Every marketer needs a documented marketing plan. As well as acting as a practical guide and benchmark of success, the process of creating one demands in-depth research and strategic thinking – the key to making better, more informed decisions and winning those customers over.
It doesn’t have to be elaborate – so don’t be put off – but it should be objectively sound. To help you get started, here’s a detailed rundown of how to structure it and what to include.
Section 1: Your current situation
This section should be a concise, realistic assessment of where your business currently sits in the market based on a SWOT analysis. By making you think in terms of your strengths, weaknesses, opportunities and threats, SWOT offers a structured way to evaluate your position and present it.
- Strengths/weaknesses – consider internal factors you have direct control over e.g. organisational structure, company culture and image, staff, operational efficiency and capacity, brand awareness, financial resources.
- Opportunities/threats – consider external factors within the environment your business operates you can’t control e.g. market trends, competitors, suppliers, partners, customers, new technology and the economy.
This analysis should help highlight your capabilities, the value of your product/service and your unique selling points (USPs).
Section 2: Your target audience
Here you need to clearly identify who your target audience is and what they look like. The more specific and segmented you can be the better.
Demographics are where you start e.g. are they male/female? Young/old? Where do they live? What’s their educational background?
Next you should describe your more detailed audience personas – there won’t just be one. Name them, detail their motivations, likes/dislikes, daily activities, purchasing patterns, preferred communication channels etc.
The better you understand your audience, the easier you can create marketing that resonates with them and the more likely you are to win them over.
Section 3: Your objectives
This section should outline what you hope to achieve. Importantly, don’t be vague. Your objectives should be specific, measurable, attainable, realistic, and time-bound (SMART). Importantly, your marketing goals should stem from your business goals.
Ultimately, your main business goal is to generate profit. So when coming up with your marketing objectives, you need to ensure they’re focused towards this end.
- Example of a poor marketing objective: I want more website visitors/leads/sales
- Example of a good marketing objective: I want to generate 5,000 more website visitors, 200 leads and 10 new customers in the next 6 months.
To help you come up with your objectives, work backwards. How much profit do you need to make? How many sales do you need to achieve it? How many leads do you need to make those sales? How will you achieve this?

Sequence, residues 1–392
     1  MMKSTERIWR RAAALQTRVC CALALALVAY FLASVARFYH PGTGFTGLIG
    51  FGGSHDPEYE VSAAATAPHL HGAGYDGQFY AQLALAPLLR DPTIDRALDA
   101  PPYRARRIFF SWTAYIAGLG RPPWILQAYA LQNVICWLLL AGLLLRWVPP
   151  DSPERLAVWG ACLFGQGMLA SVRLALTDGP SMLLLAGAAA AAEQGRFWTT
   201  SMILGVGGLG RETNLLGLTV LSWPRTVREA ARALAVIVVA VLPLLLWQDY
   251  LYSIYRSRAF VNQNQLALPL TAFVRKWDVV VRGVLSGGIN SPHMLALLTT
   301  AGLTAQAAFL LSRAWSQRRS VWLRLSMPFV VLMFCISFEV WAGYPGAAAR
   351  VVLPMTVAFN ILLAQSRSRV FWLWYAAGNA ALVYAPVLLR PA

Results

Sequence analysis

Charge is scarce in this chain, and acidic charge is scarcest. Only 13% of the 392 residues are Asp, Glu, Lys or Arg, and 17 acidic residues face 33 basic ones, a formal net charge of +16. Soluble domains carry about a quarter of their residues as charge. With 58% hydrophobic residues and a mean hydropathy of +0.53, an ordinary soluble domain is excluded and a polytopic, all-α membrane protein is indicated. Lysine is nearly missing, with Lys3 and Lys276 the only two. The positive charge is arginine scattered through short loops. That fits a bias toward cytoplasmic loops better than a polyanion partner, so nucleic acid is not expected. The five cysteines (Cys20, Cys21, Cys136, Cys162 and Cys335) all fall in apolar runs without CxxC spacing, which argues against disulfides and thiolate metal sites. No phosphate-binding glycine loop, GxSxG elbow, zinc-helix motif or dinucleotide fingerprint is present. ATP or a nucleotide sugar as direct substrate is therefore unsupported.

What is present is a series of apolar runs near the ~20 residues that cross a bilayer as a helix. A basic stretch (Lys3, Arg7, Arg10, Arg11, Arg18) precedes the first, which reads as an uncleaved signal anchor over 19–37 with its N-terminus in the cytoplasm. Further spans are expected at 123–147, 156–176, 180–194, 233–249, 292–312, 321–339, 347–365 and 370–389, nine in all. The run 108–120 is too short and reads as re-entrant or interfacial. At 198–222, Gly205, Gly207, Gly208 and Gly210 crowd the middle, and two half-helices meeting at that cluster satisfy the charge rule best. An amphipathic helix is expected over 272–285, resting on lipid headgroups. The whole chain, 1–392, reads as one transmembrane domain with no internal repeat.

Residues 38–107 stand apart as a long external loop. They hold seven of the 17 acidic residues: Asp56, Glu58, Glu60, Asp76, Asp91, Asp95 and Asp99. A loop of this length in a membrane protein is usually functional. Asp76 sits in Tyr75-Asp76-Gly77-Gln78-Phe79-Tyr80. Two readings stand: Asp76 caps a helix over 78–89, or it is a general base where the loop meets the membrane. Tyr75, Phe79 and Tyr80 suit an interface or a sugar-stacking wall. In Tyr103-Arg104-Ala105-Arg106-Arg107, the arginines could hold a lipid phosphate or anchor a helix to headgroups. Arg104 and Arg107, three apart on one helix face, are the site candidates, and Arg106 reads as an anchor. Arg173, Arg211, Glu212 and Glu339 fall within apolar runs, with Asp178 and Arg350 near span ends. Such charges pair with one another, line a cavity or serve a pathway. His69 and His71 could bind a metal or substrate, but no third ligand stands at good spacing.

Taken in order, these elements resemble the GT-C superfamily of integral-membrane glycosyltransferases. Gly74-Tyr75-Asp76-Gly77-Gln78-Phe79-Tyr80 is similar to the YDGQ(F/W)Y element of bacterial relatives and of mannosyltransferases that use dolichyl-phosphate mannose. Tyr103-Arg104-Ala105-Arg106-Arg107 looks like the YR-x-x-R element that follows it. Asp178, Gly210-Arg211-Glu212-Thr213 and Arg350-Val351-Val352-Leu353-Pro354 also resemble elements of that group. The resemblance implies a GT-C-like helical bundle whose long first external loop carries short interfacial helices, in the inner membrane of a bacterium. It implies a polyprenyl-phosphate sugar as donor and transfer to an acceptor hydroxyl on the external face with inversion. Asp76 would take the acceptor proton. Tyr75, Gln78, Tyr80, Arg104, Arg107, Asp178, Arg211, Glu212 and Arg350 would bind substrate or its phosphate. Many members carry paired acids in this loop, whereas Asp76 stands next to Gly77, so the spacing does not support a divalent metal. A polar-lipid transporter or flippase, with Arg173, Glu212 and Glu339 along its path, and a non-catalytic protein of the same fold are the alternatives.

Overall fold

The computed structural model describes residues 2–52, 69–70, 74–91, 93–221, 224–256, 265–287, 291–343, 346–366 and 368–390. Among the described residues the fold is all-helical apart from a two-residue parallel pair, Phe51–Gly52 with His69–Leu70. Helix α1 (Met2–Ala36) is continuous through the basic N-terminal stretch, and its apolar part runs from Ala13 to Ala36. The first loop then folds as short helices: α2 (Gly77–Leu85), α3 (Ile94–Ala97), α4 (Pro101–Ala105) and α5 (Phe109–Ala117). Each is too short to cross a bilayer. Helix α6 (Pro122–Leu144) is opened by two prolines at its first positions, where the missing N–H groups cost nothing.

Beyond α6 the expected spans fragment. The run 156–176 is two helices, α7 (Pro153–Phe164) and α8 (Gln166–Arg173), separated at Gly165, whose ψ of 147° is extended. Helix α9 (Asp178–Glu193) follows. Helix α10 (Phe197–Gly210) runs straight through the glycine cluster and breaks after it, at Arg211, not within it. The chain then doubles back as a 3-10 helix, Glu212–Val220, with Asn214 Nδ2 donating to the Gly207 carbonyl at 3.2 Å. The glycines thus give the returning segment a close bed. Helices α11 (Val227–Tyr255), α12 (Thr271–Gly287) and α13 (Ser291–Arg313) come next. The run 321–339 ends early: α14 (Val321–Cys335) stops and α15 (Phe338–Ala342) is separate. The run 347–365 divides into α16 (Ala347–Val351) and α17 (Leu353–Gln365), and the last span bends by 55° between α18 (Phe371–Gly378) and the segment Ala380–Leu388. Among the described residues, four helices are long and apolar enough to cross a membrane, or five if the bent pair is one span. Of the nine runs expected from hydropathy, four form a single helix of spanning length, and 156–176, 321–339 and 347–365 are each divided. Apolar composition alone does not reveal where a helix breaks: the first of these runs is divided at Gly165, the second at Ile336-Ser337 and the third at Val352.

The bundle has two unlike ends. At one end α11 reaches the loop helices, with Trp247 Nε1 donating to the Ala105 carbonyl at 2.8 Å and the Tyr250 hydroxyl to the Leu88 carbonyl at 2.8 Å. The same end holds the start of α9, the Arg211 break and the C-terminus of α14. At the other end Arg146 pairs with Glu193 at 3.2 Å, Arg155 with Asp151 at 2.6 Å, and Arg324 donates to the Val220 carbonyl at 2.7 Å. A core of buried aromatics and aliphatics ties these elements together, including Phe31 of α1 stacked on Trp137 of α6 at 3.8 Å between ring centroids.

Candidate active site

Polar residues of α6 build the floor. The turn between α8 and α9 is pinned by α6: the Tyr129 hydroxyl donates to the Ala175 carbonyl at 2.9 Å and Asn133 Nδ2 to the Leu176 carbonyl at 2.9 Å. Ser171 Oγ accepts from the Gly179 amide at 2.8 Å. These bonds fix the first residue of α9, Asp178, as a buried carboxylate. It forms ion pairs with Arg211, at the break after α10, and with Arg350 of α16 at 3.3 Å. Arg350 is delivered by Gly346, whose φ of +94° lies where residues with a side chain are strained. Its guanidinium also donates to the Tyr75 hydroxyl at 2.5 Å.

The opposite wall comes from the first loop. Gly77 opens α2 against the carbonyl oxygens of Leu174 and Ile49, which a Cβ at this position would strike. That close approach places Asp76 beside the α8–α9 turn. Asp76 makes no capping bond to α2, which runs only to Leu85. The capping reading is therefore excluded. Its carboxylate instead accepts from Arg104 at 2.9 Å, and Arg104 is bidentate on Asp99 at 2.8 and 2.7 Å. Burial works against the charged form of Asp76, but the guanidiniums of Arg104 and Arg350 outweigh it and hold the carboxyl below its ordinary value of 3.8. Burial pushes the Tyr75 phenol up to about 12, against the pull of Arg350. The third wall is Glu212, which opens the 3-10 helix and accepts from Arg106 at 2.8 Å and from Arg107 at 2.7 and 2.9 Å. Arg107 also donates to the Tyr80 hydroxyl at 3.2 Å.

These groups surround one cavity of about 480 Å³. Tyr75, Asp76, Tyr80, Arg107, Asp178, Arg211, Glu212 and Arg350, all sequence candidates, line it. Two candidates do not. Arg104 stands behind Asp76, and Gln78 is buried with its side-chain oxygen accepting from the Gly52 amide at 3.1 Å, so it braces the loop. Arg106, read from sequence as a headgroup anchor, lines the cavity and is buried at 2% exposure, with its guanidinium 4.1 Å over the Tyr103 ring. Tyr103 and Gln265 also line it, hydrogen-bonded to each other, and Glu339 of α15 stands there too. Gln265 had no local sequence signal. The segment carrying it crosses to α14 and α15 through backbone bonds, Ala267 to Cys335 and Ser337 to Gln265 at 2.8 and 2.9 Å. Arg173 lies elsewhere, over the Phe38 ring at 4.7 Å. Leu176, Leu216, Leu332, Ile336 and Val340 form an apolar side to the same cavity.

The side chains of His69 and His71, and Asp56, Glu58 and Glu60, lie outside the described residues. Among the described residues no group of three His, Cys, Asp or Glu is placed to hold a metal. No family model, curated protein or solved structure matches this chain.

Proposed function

Section 4: Your strategy and tactics
This is the heart of the plan and the place where you define your marketing mix or your 4Ps – product, price, place and promotion. To do this you need to consider the following:
- Product: What is your product/service message? g. the features and benefits
- Price: Are you high, mid or low end? g. Will you use discounts or command a premium
- Place: How will you distribute our product/service? g. Direct online or in store, franchises
- Promotion: Which channels will you use to communicate your message? g. advertising, word-of-mouth, social media, direct mail, PR, online content. How will you organise, create and monitor your efforts? What are your timelines? Who will be responsible?
Your decisions here should be informed by everything you know about your market position and your audience, as well as your objectives. In addition they should all work together to create a consistent customer experience.
Getting this right is essentially about putting the right product (or service) in the right place, at the right time for the right price.
Section 5: Your budget
This final section is where you set out how much you have or are willing to spend. Not an easy task. You might have questions like: how much is reasonable to invest? What kind of returns will I see? These are fair questions and writing this section should help you work out the answers.
Here are some rough overall revenue percentages for what you should be considering spending:
- Companies in business 1-5 years: 12-20 percent
- Companies in business more than 5 years and have some brand/market equity: 6-12 percent
(Source: Elevate My Brand)
As well as outlining an overall budget, you should also break it down. Detail not only how much you will dedicate to each marketing channel, but also how much you are allowing for upfront research, planning, testing, creative production and tracking.
And that’s it. Marketing plan done. Well, actually that’s not quite true. A marketing plan is never finished – it should always be viewed as a working document to be revised and updated based on the outcomes of your efforts.